|OpenAtom is a Ab-Initio Molecular Dynamics software currently developed by the Parallel Programing Laboratory (UIUC), IBM, and the Ismail-Beigi Research Group (Yale). The base implementation of OpenAtom was done by UIUC, IBM, and NYU. OpenAtom is a highly scalable and portable parallel application for molecular dynamics simulations at the quantum level. It is written using the Charm++ parallel programming framework.|
OpenAtom is a parallel simulation software for studying atomic and molecular systems based on quantum chemical principles. In contrast to classical computational molecular dynamics based on Newtonian mechanics, it uses the Car-Parrinello Ab Initio Molecular Dynamics (CPAIMD) and Born Openheimer Molecular Dynamics (BOMD) approaches. Instead of using an empirical force function, the CPAIMD and BOMD algorithms compute the forces acting on each atom as the summation of multiple terms derived from plane-wave density functional theory. This allows OpenAtom to study complex atomic and electronic physics in semiconductor, metallic, biological and other molecular systems.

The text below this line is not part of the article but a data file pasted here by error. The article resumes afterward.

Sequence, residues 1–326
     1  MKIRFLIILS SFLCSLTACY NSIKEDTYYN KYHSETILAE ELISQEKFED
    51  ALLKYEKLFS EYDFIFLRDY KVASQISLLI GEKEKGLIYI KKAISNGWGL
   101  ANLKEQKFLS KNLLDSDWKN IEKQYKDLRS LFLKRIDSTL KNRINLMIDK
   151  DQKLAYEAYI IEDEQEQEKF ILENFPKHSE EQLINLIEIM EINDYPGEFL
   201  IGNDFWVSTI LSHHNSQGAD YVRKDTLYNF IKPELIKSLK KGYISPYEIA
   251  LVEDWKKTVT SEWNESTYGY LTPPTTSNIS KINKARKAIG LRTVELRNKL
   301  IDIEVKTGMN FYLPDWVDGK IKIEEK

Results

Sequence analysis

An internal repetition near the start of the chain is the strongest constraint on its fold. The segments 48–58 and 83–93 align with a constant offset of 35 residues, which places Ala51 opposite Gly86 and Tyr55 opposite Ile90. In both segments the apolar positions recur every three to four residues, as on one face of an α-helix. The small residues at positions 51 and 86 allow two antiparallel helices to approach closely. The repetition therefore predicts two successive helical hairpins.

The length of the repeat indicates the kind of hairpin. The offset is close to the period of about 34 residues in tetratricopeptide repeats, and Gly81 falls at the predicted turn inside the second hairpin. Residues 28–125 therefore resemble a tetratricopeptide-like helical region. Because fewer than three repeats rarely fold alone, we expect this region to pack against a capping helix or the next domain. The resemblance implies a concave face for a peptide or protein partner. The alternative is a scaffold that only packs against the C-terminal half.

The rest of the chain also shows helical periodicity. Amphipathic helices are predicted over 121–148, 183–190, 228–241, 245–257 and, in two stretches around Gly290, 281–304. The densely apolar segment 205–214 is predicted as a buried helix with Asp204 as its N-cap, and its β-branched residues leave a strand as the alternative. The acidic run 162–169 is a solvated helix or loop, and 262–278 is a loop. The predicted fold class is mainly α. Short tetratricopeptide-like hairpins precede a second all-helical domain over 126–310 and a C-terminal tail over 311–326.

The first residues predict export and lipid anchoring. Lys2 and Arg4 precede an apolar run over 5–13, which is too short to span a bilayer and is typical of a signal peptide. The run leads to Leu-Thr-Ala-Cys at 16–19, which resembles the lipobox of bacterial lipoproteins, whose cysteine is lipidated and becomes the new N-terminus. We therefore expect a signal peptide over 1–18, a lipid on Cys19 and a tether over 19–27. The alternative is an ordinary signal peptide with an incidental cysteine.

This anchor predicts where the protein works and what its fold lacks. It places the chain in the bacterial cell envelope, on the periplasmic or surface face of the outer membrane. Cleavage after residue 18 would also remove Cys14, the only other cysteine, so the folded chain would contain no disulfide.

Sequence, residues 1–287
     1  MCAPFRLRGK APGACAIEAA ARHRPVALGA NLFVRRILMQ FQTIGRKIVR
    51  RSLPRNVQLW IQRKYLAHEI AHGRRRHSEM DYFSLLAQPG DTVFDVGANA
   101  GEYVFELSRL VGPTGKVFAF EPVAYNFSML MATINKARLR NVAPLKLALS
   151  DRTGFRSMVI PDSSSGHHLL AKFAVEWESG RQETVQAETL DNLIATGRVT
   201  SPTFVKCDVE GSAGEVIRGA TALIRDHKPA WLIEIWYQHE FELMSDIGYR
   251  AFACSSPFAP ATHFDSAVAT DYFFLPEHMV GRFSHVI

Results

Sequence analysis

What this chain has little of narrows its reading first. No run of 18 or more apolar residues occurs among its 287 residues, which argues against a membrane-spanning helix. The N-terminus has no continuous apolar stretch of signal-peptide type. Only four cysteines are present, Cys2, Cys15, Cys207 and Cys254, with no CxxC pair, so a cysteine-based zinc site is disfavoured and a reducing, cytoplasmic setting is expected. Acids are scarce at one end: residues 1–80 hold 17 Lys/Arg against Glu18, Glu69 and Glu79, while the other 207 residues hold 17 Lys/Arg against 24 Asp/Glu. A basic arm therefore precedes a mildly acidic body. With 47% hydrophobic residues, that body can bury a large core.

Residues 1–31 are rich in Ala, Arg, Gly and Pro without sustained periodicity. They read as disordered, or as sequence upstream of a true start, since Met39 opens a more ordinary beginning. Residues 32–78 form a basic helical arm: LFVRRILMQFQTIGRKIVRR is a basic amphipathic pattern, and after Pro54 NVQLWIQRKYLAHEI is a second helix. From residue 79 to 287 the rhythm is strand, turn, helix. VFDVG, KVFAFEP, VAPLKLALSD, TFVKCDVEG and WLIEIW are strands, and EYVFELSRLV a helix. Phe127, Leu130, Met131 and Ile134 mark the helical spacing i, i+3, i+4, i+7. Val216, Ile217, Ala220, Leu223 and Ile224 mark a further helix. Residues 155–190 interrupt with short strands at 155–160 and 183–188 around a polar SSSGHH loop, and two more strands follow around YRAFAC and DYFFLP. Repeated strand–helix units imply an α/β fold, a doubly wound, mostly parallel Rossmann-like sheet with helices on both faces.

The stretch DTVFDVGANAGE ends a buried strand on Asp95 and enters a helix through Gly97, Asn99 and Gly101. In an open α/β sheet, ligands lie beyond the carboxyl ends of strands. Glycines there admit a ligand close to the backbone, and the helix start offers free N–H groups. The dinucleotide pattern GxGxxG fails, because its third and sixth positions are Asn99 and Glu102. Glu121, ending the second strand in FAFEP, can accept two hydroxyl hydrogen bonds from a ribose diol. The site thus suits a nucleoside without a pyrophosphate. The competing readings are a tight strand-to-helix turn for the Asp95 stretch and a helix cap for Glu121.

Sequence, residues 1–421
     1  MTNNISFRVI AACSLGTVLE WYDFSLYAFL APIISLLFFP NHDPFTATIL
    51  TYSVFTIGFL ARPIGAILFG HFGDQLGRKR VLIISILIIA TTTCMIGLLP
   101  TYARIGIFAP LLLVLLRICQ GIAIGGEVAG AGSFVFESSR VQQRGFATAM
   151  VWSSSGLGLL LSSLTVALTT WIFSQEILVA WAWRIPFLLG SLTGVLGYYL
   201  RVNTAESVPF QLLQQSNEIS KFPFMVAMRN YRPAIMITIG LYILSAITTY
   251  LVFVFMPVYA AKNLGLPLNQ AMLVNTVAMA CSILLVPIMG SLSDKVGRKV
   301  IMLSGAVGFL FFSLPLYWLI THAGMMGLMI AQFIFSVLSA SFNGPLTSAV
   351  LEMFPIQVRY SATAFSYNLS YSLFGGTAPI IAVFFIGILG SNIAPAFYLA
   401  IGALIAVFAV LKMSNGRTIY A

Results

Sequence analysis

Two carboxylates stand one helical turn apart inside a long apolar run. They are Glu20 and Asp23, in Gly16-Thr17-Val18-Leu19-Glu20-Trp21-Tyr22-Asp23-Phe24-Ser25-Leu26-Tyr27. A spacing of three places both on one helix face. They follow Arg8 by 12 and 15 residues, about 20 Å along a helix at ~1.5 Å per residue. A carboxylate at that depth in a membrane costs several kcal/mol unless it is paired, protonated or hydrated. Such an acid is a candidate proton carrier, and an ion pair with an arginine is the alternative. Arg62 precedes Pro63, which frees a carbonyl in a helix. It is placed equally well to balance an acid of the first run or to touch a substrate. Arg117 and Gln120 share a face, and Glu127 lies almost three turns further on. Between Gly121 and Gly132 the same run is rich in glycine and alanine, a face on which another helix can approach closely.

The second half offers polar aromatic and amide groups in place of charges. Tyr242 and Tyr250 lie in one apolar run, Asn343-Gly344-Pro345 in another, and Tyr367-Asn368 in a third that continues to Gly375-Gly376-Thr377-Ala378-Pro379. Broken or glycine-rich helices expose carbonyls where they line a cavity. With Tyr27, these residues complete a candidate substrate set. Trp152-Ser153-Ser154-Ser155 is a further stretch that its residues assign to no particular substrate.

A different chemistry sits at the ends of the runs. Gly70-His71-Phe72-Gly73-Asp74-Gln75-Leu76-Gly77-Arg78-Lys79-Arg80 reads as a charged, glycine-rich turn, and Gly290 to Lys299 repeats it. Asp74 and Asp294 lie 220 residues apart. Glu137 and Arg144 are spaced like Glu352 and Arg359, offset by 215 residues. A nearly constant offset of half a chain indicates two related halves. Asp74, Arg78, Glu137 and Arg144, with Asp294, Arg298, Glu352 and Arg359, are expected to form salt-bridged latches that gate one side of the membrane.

OpenAtom is implemented on top of Charm++, which is an over-decomposition based parallel programming framework that provides support for message-driven execution of migratable entities empowered by an adaptive runtime system. Charm++ encourages decomposition of parallel computation using units that are natural to the application domain, instead of dividing data into as many pieces as processors. In particular, OpenAtom decomposes the data and the computation across a number of chare objects, whose type and/or number only depend on the AIMD algorithm and the desired grainsize. This allows OpenAtom to exploit the underlying mathematics via a seamless mix of both data and functional decompositions resulting in greater expressed parallelism, and several overlapping phases of computation combined with a longer critical path of dependent computations. The current implementation of OpenAtom in Charm++ is highly scalable, and has exhibited portable performance across three generations of the IBM Blue Gene family and Cray systems, apart from other supercomputing platforms. Look here for detailed performance results.